If you have stone countertops in your property, you may be familiar with the term “Moh’s Hardness Scale,” but do you know what it is?

Countertops are made from various materials, stone being a common choice among homeowners. But, not all stones are the same, especially when it comes to their hardness. These minerals are rated using a scale to determine how dense the material is called Moh’s Scale of Hardness. 

Today, we’re diving into the Moh’s Hardness Scale, various types of stone counters, and what you can do to keep your countertops in great shape, regardless of where they fall on the scale.

Continue reading to learn more.

What is the Moh’s Scale of Hardness?

The Moh’s Scale of Hardness was created by Frederich Mohs in 1822. The numbers on the scale represent how scratch-resistant, or how hard, a mineral is and is related to the breaking of chemical bonds and microfractures on the surface of a material. On the scale, one represents the softest material, and a ten represents the hardest. This scale can also be used for metals. 

“Hardness” is determined by one mineral’s ability to scratch another. For example, a diamond can scratch granite, granite can scratch marble, and marble can scratch talc. This means that diamond is harder and more scratch-resistant than granite, granite is harder and more scratch-resistant than marble, and marble is harder and more scratch-resistant than talc.

The Hardness of Various Stone Countertops 

The hardness of stone countertops varies from one material to the next, as well as from one slab of the same material to the next (depending on its mineral content). For example, a slab of marble with a lower calcite content might score a five on the Moh’s Scale, while another slab cut from a different quarry with a higher calcite content might be a three.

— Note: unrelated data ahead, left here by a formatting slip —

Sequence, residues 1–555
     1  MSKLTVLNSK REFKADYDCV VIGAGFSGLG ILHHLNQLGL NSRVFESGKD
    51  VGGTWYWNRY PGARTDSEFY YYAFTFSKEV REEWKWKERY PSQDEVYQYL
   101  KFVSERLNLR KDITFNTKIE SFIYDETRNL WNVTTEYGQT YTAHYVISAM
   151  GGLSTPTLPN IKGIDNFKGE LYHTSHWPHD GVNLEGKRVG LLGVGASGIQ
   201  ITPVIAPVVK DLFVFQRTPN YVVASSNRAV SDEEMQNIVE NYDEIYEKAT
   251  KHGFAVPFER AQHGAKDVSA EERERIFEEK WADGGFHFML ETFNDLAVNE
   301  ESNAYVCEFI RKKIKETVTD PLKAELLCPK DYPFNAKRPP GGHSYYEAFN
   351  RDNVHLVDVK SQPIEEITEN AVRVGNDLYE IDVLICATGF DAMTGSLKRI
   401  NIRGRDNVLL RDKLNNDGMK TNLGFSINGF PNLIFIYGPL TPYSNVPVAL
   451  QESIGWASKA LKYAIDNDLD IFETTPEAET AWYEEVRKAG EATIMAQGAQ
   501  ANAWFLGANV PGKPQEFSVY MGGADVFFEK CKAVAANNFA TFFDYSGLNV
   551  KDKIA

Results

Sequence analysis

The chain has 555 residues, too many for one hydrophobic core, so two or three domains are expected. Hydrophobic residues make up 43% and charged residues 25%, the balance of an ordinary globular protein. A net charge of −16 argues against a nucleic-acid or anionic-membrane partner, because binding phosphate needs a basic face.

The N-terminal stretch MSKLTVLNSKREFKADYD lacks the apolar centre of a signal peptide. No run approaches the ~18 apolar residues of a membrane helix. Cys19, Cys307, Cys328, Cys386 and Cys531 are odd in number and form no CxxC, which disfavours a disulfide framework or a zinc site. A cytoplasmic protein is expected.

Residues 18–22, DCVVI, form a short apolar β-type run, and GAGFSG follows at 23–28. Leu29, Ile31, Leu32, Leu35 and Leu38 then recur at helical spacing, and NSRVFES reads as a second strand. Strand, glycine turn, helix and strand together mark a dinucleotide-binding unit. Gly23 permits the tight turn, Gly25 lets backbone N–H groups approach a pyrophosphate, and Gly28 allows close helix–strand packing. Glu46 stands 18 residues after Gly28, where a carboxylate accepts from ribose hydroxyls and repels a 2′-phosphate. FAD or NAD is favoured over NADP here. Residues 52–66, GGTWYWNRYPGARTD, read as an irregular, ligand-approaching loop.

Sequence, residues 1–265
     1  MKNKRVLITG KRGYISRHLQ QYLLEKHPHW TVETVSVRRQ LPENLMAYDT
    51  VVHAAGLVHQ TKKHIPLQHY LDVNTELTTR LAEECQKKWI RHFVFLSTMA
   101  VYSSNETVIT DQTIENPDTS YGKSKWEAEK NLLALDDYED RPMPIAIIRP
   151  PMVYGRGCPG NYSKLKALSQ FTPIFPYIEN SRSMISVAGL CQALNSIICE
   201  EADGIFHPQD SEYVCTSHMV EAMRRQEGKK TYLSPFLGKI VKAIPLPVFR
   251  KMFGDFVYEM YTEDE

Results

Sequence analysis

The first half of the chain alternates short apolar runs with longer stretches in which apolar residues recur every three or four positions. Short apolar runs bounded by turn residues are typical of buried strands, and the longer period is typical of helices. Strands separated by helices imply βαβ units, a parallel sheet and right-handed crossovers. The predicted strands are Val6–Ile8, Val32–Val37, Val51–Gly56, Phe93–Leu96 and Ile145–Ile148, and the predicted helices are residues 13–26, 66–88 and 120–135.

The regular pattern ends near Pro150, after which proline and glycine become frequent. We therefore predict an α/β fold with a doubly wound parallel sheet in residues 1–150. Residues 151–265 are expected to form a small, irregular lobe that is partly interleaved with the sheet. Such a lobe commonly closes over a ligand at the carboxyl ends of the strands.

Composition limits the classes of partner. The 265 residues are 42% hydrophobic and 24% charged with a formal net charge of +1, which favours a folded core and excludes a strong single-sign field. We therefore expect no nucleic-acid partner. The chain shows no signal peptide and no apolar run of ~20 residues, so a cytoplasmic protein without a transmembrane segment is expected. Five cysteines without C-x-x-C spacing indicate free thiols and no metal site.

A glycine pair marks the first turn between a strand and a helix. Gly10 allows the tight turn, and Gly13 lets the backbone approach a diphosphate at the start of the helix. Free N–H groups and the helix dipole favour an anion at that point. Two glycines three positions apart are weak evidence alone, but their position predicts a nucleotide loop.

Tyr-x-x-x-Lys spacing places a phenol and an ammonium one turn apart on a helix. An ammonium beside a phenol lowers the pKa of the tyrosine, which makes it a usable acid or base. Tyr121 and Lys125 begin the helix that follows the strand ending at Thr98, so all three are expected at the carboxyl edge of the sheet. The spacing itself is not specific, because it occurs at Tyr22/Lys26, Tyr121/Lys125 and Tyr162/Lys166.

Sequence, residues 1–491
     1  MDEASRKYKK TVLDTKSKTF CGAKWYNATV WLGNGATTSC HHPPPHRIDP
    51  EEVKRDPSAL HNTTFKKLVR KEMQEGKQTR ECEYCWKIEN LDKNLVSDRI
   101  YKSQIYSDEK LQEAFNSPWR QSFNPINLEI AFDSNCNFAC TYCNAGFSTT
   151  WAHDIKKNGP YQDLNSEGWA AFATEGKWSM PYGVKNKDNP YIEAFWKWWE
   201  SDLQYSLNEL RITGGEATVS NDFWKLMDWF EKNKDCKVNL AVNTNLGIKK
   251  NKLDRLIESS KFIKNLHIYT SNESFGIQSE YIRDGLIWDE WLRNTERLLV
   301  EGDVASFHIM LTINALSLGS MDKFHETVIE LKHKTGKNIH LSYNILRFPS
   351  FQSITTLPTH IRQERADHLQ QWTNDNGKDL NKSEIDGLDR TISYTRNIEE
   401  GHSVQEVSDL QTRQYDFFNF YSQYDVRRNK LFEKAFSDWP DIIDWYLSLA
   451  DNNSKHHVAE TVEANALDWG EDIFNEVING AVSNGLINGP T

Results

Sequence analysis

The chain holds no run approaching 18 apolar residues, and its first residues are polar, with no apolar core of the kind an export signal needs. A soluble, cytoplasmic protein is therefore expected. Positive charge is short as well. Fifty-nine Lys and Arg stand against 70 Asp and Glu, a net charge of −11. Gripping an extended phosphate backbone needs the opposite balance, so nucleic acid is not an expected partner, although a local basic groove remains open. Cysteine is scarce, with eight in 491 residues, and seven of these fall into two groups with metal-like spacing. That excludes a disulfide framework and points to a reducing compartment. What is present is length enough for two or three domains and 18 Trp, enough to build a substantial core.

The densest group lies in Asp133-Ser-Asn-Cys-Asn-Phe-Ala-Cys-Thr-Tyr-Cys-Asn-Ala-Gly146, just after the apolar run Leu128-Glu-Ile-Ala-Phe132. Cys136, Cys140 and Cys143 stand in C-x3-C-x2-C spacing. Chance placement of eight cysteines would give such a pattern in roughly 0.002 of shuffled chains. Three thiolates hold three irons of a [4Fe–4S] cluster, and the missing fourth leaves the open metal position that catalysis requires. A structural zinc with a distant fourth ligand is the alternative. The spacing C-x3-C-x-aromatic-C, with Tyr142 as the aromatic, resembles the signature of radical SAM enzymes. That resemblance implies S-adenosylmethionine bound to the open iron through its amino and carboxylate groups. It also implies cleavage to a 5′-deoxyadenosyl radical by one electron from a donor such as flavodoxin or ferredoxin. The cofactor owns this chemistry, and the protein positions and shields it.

Here are some common stone counter materials and their typical hardness score:

  • Soapstone — Soapstone ranges from one to two. While the material scratches easily, they can be sanded out without difficulty.
  • Marble — Marble is one of the softest yet most popular counter materials. It ranges from three to five.
  • Limestone — Limestone also ranges from three to five.
  • Travertine — Travertine is commonly used for showers, floors, fireplace surrounds, and backspaces. But it can also be used as a countertop material as long as its naturally occurring holes are filled, smoothed, and properly maintained. This natural material ranges from four to five on the Moh’s Scale.
  • Quartz — Quartz, not to be confused with quartz, is an engineered stone. It is softer than quartzite, scoring a hardness of seven.
  • Quartzite — Quartzite, a natural stone, ranges from seven to eight.
  • Granite — Granite ranges from six to eight on the Moh’s Hardness Scale. Homeowners should still use cutting boards, mostly to protect their knives!

How to Avoid Damaging Your Stone Countertops Regardless of Their Hardness

Kitchens and bathrooms get a lot of use, and, as a result, your countertops are exposed to some potentially harmful things. A common misconception of hard stones is that they cannot be damaged. This isn’t true! Even the hardest countertop materials are susceptible to damage.